The Grand Tour review, series four: The tension has curdled into outright dislike
Here they are again, not so much the three amigos as an explosion of egos, crisscrossing the globe in extravagantly silly transport, offending entire nations and leaving wreckage in their wake. In the new instalment of The Grand Tour (Amazon Prime Video), sniggeringly subtitled “Seamen”, professional blowhard Jeremy Clarkson and his subordinates Richard Hammond and James May travel to southeast Asia where they embark on a race from Siem Reap in Cambodia to Vung Tau in Vietnam. The twist here is that they are travelling not by road but by water – insert your own jokes about wheels falling off here.
Few televisual conceits have weathered so poorly as the “Brits abroad” one, with its waft of colonialism and condescension. Nonetheless, the conviction remains among television executives that it still has legs, especially when merged with a car show. The Grand Tour has now done away with the studio tent in favour of a series of globetrotting specials, the word “special” being open to interpretation in this festival of hubris and testosterone.
The show’s budget is undoubtedly a thing of wonder. As is custom, our hosts each rock up with their vehicle of choice, comparing girth and horsepower like schoolboys at a urinal. As May chugs up in a sedate wooden pleasure boat, and Hammond appears in a flamboyantly painted speedboat straight from Miami Vice, Clarkson – who has the air of a bloated military chief sent to a deserted outpost where he can’t do any more damage – reveals he has blown £100K on a PBR, the navy patrol boat used by American forces during the Vietnam War. “I’ve bought a little bit of history, at vast expense, back to southeast Asia,” he notes, self-importantly.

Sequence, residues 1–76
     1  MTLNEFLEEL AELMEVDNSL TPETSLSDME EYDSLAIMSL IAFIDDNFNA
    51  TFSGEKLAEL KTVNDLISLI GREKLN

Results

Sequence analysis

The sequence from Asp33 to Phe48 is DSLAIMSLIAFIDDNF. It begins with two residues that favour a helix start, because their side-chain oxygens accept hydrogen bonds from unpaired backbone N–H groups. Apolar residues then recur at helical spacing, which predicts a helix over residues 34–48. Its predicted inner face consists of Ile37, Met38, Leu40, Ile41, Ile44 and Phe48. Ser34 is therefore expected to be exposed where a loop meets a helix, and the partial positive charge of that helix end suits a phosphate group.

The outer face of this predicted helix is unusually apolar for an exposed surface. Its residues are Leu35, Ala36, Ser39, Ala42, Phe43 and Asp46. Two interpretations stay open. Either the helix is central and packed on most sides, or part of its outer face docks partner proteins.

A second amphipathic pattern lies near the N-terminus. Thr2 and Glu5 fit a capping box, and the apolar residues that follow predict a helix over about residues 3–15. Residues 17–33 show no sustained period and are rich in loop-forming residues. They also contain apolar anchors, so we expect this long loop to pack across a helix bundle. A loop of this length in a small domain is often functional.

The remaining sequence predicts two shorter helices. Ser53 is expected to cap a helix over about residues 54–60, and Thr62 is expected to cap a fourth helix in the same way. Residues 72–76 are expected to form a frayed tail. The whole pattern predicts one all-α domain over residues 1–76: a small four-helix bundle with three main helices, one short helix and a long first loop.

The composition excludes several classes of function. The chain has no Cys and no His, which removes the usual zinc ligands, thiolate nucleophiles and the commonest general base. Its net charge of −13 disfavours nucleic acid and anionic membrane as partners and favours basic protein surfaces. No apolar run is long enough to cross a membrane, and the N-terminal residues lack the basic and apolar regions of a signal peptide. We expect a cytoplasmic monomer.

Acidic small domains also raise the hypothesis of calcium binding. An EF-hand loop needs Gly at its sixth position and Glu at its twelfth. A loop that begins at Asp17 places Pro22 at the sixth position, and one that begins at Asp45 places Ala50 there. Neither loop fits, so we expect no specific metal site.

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The drill is familiar, both from previous Grand Tours and from the trio’s alma mater, Top Gear. There are stunts, sight gags and the casual mocking of Johnny Foreigner as our hosts peruse markets selling designer knock-offs and sit down to a dinner of stir-fried crickets. Clarkson’s idea of historical context is to compare Jeremy Corbyn to Pol Pot and recommend the film The Killing Fields. Arrogance and imbecility abound, as they smash into tiny fishing boats before blundering off, rarely pausing to inspect the damage. When their engines become clogged with mud and weeds, or as they run aground down narrow canal corridors, local men are drafted in to unclog the pipes and clear up their mess.
With the action unfolding on water as opposed to tarmac, the pace here is unusually sedate. Meanwhile, the bubbling tension between our dramatis personae now seems to have curdled into outright dislike, with May maintaining a conspicuous distance from his co-stars on his modest vessel. There is no chemistry or camaraderie; even the pranks are half-arsed. At no point does anyone look happy in their work. When they hit the South China Sea, where they are met with crashing waves and relentless, painful spray, all three appear positively ashen. The Grand Tour on wheels has its problems, but this one’s dead in the water.